By Sarah Mac Donald - 25 November, 2014
Fr Brian Starken CSSp recounts how an inter-religious ceremony was held at an ‘Ebola cemetery’ in Sierra Leone to honour the virus' victims.
By Fr Brian Starken CSSp
Andrew, a quietly-spoken New Zealander, is one of the International Red Cross/Red Crescent team stationed here at the pastoral centre in Kenema in Sierra Leone where Paddy Ryan CSSp and I are based.
There are two very different sides to Andrew’s role as the Discharge Officer at the Field Hospital for Ebola patients.
As he puts it himself, “there is only one entrance to the field hospital but there are two exits”.
One exit is to the main road, to continuing life, and return to family and community.
Patients who no longer test positive for Ebola are moved to the recovery ward and, after three weeks, if they are still clear, they are discharged from the hospital.
This is an occasion of much celebration, happiness and well wishing – it is a victory for the staff and a ray of hope for the other patients in the hospital.
The other exit, sadly, leads to the cemetery.
For Andrew, who is assisted by a very well-trained burial team, the most difficult and dangerous aspect of work is the preparation for burial of those who have died from Ebola.
The virus does not die with the victim. In fact, it becomes more virulent in the dead body.
The Red Cross has prepared an area of ground a couple of hundred metres from the field hospital to be used as the cemetery. To date 120 victims of Ebola – male and female, Christian and Muslim – ranging in age from 50 years old to a mere 3 months are buried there.
Each burial is an occasion of sadness. The Red Cross makes a great effort to contact the families of those who have died.
If the deceased is from Kenema District or its surroundings, some family may attend the burial.
But the majority of those who have died here are from as far away as Freetown, Pujehun or Makeni and are buried with no family or friends present.
In some parts of the country mass graves have been used to bury victims of Ebola but here the cemetery is very well laid out.
Each body is buried in an individual grave which is marked with the deceased’s name, age, place of origin and date of death. A photograph is taken of each grave and sent to the family.
Earlier this week Andrew informed me that his ‘tour of duty’ was soon coming to an end and he would dearly love to have the ‘Ebola cemetery’ consecrated before his departure.
As the Red Cross does not always know the religion of a victim, Andrew recites the Our Father and one of the Muslim workers recites a passage from the Koran at each burial.
We discussed the idea of a blessing for the cemetery with Andrew’s team-leader; he was very supportive of the idea saying that ‘it is our duty to treat all our patients with dignity and respect. If a patient dies, we must offer the same dignity and respect to the deceased’.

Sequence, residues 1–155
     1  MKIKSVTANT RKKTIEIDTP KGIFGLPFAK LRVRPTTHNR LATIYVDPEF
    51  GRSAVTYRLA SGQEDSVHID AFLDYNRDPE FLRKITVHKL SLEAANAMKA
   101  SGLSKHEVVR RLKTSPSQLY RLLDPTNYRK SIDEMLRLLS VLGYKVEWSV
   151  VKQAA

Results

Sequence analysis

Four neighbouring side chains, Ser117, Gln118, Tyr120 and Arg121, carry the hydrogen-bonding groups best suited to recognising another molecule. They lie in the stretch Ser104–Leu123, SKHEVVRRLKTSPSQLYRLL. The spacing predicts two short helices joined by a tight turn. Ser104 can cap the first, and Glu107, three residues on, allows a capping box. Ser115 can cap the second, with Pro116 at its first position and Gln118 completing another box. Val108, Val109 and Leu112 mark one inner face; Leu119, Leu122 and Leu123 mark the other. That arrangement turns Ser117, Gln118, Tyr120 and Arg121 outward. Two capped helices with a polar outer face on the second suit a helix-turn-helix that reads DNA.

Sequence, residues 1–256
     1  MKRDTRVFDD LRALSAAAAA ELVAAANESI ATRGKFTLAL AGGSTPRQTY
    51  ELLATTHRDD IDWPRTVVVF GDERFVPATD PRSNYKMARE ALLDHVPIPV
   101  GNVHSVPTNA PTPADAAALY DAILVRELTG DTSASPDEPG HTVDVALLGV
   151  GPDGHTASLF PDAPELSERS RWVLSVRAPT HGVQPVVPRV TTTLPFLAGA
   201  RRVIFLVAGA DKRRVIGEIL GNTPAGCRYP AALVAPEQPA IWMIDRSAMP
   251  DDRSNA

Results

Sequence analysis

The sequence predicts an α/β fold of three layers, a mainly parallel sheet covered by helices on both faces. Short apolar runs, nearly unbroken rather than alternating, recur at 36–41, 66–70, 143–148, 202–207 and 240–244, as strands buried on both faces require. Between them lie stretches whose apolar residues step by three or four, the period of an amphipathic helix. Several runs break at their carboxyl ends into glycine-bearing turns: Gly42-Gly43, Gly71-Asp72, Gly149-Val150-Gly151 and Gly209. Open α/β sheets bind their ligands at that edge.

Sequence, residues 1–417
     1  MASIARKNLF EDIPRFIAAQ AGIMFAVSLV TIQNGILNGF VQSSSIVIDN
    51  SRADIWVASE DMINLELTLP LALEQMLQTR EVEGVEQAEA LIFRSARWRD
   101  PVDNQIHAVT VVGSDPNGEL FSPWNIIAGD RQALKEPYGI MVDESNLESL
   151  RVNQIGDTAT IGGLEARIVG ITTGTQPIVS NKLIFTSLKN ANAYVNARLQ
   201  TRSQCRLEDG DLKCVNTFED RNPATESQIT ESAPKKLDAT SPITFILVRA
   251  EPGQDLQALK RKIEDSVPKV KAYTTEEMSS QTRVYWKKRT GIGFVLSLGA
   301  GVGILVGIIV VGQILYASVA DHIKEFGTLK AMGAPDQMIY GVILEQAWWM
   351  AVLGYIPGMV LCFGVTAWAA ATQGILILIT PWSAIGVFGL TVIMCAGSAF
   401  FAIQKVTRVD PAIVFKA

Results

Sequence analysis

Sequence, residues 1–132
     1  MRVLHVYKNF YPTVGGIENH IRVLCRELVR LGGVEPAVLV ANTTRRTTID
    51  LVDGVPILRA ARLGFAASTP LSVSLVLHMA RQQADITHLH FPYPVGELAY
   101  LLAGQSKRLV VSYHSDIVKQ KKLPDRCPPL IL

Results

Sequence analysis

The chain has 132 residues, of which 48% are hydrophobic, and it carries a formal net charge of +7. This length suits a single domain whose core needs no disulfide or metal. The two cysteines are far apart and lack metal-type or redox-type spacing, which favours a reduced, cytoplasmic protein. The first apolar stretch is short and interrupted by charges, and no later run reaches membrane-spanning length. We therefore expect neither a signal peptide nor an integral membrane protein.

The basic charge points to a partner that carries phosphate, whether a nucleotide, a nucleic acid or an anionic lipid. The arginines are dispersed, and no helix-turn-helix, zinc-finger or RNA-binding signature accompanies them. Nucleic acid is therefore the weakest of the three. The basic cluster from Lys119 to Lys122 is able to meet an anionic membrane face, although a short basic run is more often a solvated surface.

Having consulted with our local bishop, it was immediately decided to have an inter-religious service.
The local authorities, the District Ebola Task Force, the City Council, the Imams of the different Muslim communities as well as the Anglican and Methodist churches all agreed that they wished to be present and to take an active part in the ceremony.
I informed Andrew that he had to provide a small bottle of gin, a bottle of water and two glasses for the ceremony.
He was a little bemused by this but it was explained that ‘pouring libation’ is integral to all cultural ceremonies in Sierra Leone.
Usually performed by a respected community elder, the purpose is to appease the ancestors who have not been forgotten and whose sharing in the ceremony is sought.
The person designated to pour the libation addresses the ancestors and then pours a little gin and a little water on the ground, and also takes a little himself.
The ceremony itself, on the morning of Friday 21st November, was a very simple one with Christian and Muslim prayers, readings from Scripture and from the Koran, short statements from the various religions and organisations present, interspersed with appropriate hymns and songs sung by an ad hoc choir.
There was a very poignant moment during the ceremony when the two latest victims of Ebola were brought for burial by the burial team, all of whom were dressed in their protective clothing.
The bodies, placed in ‘extra-secure’ body bags, were quietly and respectfully laid to rest under Andrew’s watchful eye.
Bishop Patrick Koroma gave the final Prayer of Blessing and, after a few wreaths were laid in the cemetery, we departed in silence to the sound of the workers as they filled in the two latest graves.
In 2013, Brian Starken CSSp took up an appointment in Sierra Leone where he had first served in the mid-1970s. He is currently one of two Irish Spiritan priests ministering with the province of Sierra Leone. The first Spiritans, including Dubliner Fr Tom Bracken, arrived in the West African country in 1864.